Option 5: Reset Trigger Kit – $199.95+
A Reset Trigger is an aftermarket tool installed in the gun in place of the stock trigger housing and striker. This tool is designed to do one core thing. Reset the trigger automatically without cycling the slide.
There are a number of companies that manufacture a reset trigger kit for Glock handguns. Still, they all effectively work the same way.
Pros: You can use your actual gun and get a real resetting trigger with the complete take-up, break, and reset.
Cons: It isn't your trigger so that it won't feel the same. It doesn't render the firearm inert so you can/should consider using it with a LaserDot or BarrelBlok. The installation and uninstallation process is slightly complex and time-consuming. Model-specific so you can't use it on every Glock handgun you own.
Option 6: SIRT Training Pistol – $210+
Next Level Training makes the SIRT training pistol. They are dedicated training tools designed to look, feel, and weigh the same as a live firearm.
SIRT stands for Shot Indicating Resetting Trigger. As such, the trigger does reset on its own. As well as having a built-in laser module that “fires” a laser dot to provide a point of impact.
As of this writing, there are 5 different models of SIRTs and as it relates to Glock the only model is the SIRT 110 which is modeled after a Glock 17.
Pros: Fully resetting trigger and built-in laser for accuracy-related feedback, absolutely inert and safe. The Sirt overcomes all three challenges as well. No installation at all is necessary with the SIRT. You don't have to modify or install something on your actual gun.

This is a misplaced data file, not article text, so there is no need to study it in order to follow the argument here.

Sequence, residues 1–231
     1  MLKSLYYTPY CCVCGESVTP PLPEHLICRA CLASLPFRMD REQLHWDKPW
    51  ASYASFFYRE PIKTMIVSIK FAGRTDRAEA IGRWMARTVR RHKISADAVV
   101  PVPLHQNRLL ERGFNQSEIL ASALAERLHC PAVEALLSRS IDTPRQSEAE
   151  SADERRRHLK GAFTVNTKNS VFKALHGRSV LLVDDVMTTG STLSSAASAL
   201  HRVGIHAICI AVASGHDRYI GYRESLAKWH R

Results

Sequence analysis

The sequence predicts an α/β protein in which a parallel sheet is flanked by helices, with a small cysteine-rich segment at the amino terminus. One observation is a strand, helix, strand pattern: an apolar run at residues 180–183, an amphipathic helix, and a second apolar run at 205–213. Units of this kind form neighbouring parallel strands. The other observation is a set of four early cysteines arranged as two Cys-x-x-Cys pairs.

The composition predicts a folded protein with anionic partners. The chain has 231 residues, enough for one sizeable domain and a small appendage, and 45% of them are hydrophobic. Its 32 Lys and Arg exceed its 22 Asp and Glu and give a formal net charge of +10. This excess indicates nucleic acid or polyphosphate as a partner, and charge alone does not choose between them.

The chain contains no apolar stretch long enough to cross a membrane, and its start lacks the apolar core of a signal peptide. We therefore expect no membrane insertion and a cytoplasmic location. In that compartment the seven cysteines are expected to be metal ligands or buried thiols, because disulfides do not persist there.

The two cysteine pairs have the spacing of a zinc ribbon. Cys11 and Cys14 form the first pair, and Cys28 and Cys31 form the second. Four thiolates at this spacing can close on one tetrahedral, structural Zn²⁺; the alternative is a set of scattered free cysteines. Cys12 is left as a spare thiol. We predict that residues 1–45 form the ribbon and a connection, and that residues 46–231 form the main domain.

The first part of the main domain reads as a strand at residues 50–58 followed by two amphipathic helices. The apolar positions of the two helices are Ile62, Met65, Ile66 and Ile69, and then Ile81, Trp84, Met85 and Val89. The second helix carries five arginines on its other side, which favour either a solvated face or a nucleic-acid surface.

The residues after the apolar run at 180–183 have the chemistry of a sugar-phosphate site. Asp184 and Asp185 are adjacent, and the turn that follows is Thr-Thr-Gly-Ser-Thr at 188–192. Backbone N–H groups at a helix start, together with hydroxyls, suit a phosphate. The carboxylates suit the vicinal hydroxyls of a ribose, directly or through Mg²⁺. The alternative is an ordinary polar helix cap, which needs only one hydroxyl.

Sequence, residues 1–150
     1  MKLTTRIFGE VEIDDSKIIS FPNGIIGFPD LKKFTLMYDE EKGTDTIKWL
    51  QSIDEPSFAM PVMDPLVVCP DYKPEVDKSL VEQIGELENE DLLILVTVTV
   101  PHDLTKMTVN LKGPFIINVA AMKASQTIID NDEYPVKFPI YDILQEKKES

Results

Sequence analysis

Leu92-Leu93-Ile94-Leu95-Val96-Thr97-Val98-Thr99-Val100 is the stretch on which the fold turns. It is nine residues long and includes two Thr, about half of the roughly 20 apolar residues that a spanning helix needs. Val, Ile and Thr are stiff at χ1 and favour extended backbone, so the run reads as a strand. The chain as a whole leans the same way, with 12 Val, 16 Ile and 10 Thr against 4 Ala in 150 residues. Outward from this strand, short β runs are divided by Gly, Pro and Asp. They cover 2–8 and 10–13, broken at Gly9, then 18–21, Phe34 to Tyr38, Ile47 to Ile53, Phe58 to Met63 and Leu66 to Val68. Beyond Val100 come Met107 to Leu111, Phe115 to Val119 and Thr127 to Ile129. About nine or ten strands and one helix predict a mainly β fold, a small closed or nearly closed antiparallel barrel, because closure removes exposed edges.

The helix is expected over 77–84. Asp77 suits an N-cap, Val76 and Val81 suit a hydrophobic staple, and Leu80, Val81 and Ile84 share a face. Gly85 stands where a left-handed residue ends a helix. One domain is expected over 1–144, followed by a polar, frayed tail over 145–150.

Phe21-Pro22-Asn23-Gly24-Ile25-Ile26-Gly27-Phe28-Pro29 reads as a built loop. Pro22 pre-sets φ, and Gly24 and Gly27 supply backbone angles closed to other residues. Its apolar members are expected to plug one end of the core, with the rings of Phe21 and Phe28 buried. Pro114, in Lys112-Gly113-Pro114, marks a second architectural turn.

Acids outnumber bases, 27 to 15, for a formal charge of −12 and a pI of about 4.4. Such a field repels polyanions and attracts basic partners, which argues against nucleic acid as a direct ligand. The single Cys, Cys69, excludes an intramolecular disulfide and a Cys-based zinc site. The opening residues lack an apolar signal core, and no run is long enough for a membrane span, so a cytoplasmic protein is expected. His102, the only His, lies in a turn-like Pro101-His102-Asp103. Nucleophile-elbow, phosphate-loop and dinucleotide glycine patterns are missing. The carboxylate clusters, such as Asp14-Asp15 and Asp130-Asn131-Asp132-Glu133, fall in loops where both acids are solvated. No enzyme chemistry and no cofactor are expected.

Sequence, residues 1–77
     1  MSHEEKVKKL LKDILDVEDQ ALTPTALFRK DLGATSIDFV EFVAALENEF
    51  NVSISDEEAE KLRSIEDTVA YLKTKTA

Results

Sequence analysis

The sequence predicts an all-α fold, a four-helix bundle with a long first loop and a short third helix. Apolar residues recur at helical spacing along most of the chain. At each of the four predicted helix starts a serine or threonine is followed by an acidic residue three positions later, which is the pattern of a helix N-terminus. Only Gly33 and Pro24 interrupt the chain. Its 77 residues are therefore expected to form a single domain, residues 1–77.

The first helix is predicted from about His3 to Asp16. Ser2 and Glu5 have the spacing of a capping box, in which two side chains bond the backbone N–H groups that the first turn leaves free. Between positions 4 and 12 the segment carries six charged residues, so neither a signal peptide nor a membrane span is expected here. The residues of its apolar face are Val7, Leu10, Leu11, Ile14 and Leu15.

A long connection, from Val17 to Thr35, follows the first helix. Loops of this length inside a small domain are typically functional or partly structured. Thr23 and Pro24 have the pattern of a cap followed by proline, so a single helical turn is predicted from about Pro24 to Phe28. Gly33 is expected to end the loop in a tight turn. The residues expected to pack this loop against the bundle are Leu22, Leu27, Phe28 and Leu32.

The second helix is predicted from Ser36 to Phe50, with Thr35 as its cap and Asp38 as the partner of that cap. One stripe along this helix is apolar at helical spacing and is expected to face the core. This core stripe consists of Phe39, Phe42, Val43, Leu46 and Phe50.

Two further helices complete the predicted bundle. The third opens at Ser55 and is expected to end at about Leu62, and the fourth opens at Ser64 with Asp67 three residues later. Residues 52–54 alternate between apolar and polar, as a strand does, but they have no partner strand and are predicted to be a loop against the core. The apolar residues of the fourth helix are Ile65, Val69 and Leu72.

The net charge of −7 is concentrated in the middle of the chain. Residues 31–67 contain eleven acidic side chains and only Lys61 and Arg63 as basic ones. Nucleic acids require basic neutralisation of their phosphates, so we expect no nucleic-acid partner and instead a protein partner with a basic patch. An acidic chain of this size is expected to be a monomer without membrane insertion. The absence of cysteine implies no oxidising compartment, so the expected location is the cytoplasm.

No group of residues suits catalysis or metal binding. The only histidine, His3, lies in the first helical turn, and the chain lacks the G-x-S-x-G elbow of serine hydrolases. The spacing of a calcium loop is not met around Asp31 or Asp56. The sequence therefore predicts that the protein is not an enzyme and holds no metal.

Cons: Cost runs over $200, and it isn't your actual gun. Depending on the make/model of Glock you have this may or may not mimic the feel of your gun and may or may not work with your holster.
Option 7: Cool Fire Trainer – $329+
The Cool Fire Trainer is a kit that comes with a replacement barrel and recoil spring for your handgun. It is make/model specific.
This tool basically converts your firearm into a CO2-based airgun. The barrel acts as the CO2 storage system and needs to be refilled regularly during use.
The gun recoils, and as such, the slide cycles and resets your trigger. Additionally, with the Cool Fire Trainer installed, the gun is inert and will not feed normal ammunition.
The Cool Fire Trainer comes with a TRT tool that is comparable in functionality to the MagBlok previously mentioned.
Optionally when you purchase you can buy an addon laser tool that projects a laser when you fire providing accuracy-related feedback.
Pros: As close to real firearm training and manipulation, you can get in dry fire: simulated recoil, resetting trigger, your gun, your trigger. Optionally can provide visual feedback and renders the gun inert. Overcomes all 3 of our listed challenges if used with the addon laser module.
Cons: Most expensive option on this list. If you add the CO2 tank and laser module you are in the cost range of a new or used gun. The installation and uninstallation process; while not as complex as the resetting trigger kit above; still requires a basic field strip of the gun.
So What Is the Best Approach To Dry Fire With A Glock?
Any of the tools included in our analysis have potential value as a part of your overall toolkit. Personally, I use 4 of these products regularly. I pick one based on what I plan to do in my practice session knowing what I'll need the gun to do and the easiest way to achieve that objective.
Let me and other readers know in the comments below which of these tools you prefer or if you think I've left something out!